I drop down from the air duct outside the cage my parents are in, amid gasps of surprise.  “Son!” my mother rushes over to the bars of her cage.  “They got you too!”  She starts crying.  “We’d… we’d hoped maybe you had gotten away from these monsters somehow… since we didn’t see you in these… with us.”  My father looks distressed as well, but doesn’t start crying.

I give my mom a hug through the bars of the cage.  “It’s ok, Mom,” I say.  “They haven’t gotten me yet.  But we’ve got to get you out of here.  We need to get word back to Earth, somehow.”  I study the locking mechanism on the cage.  It’s relatively simple, actually.  There’s no need for a key, just a large metal bar that needs to be lifted out of place for the door to open.  Easy to open from the outside, impossible from the inside.  I push the bar up and over the hinges, and the door swings open.  My parents rush out

“Help me get the rest of these people out!” I say.  “Tell them to gather in the center of the room.  I can get us out of here if we don’t panic.”  I run down row after row of cages, lifting bars, freeing people.  “It’s ok,” I tell everyone.  “We’re going to be ok.  Just do what I say, and everything will be fine.”

I get to Curly’s cage, and pause for a minute.  He looks at me with broken eyes.  I push the bar up, swing the door open, and take a step back.  Curly steps forward.  “I… I’m sorry we chased you,” he says.  “This is my fault.”

“Nonsense,” I reply.  “This isn’t anyone’s fault.  Now stop beating yourself up, and get out here and help me.”  He pauses for a minute, thinks things over, then steps to me and gives me a big hug.  Suddenly I’m crushed temporarily in eight hundred and sixty-two pounds of Curly.  I guess this is better than the alternative, I think wryly, remembering the last time Curly got ahold of me.  I had bruises on my legs for weeks.  He lets go of me and starts throwing bars off cages.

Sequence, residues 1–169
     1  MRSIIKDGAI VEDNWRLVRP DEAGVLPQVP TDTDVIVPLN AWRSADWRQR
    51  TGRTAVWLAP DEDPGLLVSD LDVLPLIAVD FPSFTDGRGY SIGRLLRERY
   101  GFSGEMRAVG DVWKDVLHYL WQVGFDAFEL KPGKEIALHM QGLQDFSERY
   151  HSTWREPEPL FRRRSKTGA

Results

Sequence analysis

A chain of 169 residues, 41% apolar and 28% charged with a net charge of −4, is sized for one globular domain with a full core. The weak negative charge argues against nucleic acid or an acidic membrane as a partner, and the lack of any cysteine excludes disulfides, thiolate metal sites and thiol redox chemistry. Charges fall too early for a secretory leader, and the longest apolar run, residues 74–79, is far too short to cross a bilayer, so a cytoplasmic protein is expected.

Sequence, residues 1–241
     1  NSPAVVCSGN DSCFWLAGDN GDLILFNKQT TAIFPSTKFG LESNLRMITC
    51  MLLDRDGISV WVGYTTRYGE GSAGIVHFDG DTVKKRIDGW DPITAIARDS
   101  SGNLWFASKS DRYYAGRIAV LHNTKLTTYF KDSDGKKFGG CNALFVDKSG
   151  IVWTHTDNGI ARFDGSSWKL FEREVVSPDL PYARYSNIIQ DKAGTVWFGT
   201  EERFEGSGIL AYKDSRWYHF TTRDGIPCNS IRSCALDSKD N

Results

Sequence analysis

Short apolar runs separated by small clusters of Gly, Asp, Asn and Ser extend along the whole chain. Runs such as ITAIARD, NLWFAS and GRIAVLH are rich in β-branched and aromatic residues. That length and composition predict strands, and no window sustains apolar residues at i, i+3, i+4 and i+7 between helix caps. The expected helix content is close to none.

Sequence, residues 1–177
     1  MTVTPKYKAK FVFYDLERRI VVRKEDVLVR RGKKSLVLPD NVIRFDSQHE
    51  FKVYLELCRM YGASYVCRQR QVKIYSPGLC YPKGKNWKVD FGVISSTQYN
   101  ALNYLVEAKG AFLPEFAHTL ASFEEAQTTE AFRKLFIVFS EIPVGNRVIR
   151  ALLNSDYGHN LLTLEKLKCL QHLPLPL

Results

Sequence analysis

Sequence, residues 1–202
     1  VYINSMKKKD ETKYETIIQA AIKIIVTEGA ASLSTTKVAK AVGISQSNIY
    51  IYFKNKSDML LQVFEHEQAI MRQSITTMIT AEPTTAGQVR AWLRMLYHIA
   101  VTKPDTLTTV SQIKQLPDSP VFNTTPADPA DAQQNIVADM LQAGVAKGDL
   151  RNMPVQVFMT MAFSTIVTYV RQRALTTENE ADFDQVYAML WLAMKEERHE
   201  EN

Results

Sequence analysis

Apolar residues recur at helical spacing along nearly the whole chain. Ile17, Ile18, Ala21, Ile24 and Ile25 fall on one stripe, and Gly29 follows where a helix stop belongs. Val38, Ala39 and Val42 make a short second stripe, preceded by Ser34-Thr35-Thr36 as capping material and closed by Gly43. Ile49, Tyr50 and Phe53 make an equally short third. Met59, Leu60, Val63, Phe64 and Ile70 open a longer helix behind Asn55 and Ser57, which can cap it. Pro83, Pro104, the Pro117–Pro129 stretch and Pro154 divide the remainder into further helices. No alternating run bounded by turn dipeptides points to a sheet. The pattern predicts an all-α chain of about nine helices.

Pretty soon, a massive crowd of people is gathered in the center of the room.  I hear a dim murmur run through the crowd as I hoist myself atop one of the cages.  “People!” I shout, my voice echoing through the room.  “Humans!  Friends!”  I feel a bit of stage fright.  I’ve never had this many people pay attention to me before.  Then I shrug and charge ahead.  Nothing for it now.  “Today is a good day!  For today, we throw off the weight of our oppressors, oppressors we didn’t even know we had!”  The humans in the room are transfixed by my words.  “We will no longer be cattle for another species!  We will no longer submit and let ourselves be someone else’s food!  Today… we show these monsters what it is to be HUMAN!”

A tremendous cheer rises up from the crowd, bouncing around the room like some great, powerful beast, roaring its anger to the heavens for all to hear.  When it quiets, I begin to explain the plan that’s been forming in my head.  In my explorations of the air ducts, I learned much about the layout of the spaceship.  I tell the people where I think the engines are, where the main control decks are, where they might be able to find rooms full of makeshift weapons.  I tell them where they might find the most of the alien creatures, I explain where some hidden side passageways are that I don’t think the beasts can fit into, but some of the smaller humans may be able to navigate.  I prepare them for war.

As I’m speaking, the great double doors at the far end of the room burst open, and the Larry-alien crashes through, a snarl of rage escaping his lips.  He’s followed by a ten other beasts.  “There he is!  Get him!” the Larry-alien yells.  Then he notices the large crowd of uncaged human, and he stops, a look of surprise shooting across his face.